November 11, 2004
William L. Jenkins
Office of the Chancellor
Louisiana State University
156 Thomas Boyd Hall
Baton Rouge, Louisiana 70803
Sent by U.S. Mail and Facsimile (225-578-5982)
Dear Chancellor Jenkins:
As you can see from our Directors and Board of Advisors, FIRE unites civil rights and civil liberties leaders, scholars, journalists, and public intellectuals across the political and ideological spectrum on behalf of liberty, due process, legal equality, voluntary association, freedom of speech, and religious liberty on America’s college campuses. Our web page, www.thefire.org, will give you a greater sense of our identity and activities.
We consider this matter to be of the utmost urgency, with the most essential constitutional and moral values at stake. We understand that Louisiana State University is requiring the Muslim Students Association (MSA) to add language to its constitution that would prevent the group from using its faith to decide its membership. LSU has told the group that it will not be officially recognized as a student organization if it chooses not to include this language. In other words, the Muslim group would have to relinquish its right to decide to be run by Muslims and in accordance with the Muslim faith if it wishes to exist at LSU. It should be obvious that this unlawfully and immorally tramples the group’s associational, religious, and free speech rights.
This is our understanding of the facts, gathered from student accounts and additional documents. Please correct any factual misunderstandings, if any exist. At the start of fall 2003, the Muslim Students Association, which has existed on campus for over 30 years, was told that in order to re-register it was required to revise its constitution to include a clause that states, “No student…can be denied membership on the basis of race, color, religion, sex, national origin, age, disability, marital status, veteran’s status, or sexual orientation.” MSA leaders immediately spoke with Associate Dean of Students Kathleen White about their concerns. They explained to White that such a statement of nondiscrimination would be contradictory to the group’s religious beliefs. Furthermore, contrary to White’s claim that all organizations would be required to abide by the new university policy, MSA leaders have contacted other registered organizations and several Christian organizations who stated that they were not asked to make this change.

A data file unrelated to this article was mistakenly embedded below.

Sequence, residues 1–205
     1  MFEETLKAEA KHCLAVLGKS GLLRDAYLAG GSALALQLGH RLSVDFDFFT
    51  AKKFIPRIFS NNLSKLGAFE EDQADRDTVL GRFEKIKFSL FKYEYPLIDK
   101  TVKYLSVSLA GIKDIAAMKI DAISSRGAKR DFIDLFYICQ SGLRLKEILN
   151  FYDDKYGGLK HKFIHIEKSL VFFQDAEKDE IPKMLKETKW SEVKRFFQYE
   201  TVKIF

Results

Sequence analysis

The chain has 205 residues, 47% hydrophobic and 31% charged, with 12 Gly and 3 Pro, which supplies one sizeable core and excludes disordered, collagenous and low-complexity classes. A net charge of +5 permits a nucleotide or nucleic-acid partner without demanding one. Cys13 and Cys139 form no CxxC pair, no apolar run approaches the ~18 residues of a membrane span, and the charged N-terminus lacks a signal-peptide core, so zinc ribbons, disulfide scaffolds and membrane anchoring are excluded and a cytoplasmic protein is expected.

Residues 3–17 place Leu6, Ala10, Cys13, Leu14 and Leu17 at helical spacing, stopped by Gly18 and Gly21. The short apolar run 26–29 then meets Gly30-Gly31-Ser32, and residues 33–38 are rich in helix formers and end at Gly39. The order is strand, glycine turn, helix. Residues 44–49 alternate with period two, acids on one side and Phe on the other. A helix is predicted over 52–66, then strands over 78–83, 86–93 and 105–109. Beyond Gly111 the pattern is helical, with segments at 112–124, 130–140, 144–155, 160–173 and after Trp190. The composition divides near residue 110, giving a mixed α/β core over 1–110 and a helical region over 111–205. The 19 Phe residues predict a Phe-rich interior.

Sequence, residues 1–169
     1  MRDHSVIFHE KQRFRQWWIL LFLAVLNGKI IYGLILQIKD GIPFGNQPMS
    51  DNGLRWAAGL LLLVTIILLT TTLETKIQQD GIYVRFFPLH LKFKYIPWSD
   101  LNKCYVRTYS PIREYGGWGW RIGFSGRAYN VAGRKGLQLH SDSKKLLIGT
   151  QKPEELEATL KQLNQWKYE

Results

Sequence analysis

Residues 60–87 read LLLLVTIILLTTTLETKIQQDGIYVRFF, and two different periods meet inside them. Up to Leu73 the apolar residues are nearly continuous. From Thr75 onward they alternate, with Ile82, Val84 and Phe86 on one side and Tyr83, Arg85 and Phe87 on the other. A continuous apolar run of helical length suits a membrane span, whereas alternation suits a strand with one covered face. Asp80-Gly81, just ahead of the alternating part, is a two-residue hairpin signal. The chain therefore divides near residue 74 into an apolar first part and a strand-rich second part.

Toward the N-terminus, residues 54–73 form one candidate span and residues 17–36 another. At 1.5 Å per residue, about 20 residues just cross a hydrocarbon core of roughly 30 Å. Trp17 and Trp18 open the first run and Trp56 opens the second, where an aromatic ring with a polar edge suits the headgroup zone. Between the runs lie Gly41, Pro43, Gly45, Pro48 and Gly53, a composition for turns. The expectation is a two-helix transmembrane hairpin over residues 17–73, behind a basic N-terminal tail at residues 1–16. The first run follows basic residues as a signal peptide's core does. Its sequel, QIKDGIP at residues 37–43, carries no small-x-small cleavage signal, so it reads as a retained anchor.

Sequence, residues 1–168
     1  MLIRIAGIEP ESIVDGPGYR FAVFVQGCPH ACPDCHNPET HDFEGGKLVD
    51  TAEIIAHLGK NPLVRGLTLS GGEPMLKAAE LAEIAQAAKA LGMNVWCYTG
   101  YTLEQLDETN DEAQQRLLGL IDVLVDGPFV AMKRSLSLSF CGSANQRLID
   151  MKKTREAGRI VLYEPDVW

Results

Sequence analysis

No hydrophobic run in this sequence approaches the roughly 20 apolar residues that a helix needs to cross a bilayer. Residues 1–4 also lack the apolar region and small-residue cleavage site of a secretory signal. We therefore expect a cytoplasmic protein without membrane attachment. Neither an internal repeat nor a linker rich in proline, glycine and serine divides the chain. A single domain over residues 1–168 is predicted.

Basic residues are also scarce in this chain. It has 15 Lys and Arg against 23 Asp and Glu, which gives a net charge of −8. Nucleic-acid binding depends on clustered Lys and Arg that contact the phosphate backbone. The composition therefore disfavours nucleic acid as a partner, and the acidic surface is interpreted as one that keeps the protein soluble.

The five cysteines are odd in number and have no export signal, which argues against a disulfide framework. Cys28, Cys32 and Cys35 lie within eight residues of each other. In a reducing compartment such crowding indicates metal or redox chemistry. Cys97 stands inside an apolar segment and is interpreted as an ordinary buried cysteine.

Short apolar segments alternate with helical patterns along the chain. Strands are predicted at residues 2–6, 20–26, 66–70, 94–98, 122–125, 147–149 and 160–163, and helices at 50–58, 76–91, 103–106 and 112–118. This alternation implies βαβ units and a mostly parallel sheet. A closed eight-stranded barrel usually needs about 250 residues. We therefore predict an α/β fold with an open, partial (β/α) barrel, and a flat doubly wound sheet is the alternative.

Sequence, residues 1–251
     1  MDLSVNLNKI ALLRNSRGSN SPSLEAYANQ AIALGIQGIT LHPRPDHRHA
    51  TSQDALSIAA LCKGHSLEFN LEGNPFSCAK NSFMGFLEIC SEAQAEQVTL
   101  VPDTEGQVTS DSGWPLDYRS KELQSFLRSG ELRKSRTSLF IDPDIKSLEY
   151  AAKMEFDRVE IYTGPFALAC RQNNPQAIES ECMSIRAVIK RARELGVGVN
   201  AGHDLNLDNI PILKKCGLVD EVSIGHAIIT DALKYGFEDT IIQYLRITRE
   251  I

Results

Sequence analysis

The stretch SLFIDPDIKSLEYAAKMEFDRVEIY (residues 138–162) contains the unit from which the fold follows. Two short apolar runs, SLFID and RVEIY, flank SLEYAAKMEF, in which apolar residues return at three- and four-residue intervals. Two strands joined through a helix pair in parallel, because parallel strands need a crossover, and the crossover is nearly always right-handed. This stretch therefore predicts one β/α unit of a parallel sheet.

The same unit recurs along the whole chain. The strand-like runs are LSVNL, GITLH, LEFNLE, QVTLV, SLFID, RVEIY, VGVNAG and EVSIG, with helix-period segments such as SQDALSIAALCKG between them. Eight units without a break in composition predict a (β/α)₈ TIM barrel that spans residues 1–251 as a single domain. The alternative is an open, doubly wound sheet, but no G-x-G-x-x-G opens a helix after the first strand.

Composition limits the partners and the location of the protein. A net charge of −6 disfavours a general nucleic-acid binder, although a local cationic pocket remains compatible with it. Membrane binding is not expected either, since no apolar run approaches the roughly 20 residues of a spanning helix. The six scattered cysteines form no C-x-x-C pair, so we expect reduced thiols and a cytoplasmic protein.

Because the MSA refused to adopt the clause, the university immediately derecognized it and revoked all of its privileges. When the MSA students contacted Dean of Students Kevin Price, he merely reiterated White’s claim that all student organizations had to comply with the policy. In the fall of 2004, the MSA met with Associate Dean White to revisit the issue. White then claimed that most, not all, existing organizations were being asked to comply with the nondiscrimination policy. Upon the MSA leaders’ request, White stated that she would provide them a list of all organizations being contacted; however, the MSA has not heard from her since.
The MSA’s refusal to give up its right to use religious criteria to decide its identity has resulted in its becoming a nonentity on campus. The MSA may not use on-campus facilities, raise funds, sponsor speakers and public performances, distribute literature, or other benefits granted to student organizations. Furthermore, no other previously existing groups seem to have been asked by the university to adopt the nondiscrimination clause.
Forbidding a religious group from organizing on campus for refusing to adopt a nondiscrimination statement that denies LSU students’ right to define themselves as a religious group threatens the freedom of association, freedom of expression, and free exercise of religion for all of your students. LSU, as a public institution, is legally obligated to uphold these constitutional rights. Furthermore, forcing a religious student organization to state that it does not discriminate on issues of faith violates not only the constitutional rights of its members, but also their moral and human rights.
If LSU allows expressive organizations to exist on its campus at all, then it must allow religious organizations to exist, to define their missions, to select their own members, and to establish policies and practices in pursuit of their goals. No group can control the delivery of its message if it is unable to define its message and membership. The U.S. Supreme Court reaffirmed its commitment to this principle in Boy Scouts of America v. Dale, 530 U.S. 640 (2000). In this decision, the Court pointed out that “implicit in the right to engage in activities protected by the First Amendment is a corresponding right to associate with others in pursuit of a wide variety of political, social, economic, educational, religious, and cultural ends.” This right, the Court proclaimed, is “crucial in preventing the majority from imposing its views on groups that would rather express other, perhaps unpopular, ideas.” Consequently, the Court held that “forced inclusion of an unwanted person infringes the group’s freedom of expressive association if the presence of that person affects in a significant way the group’s ability to advocate public or private viewpoints.”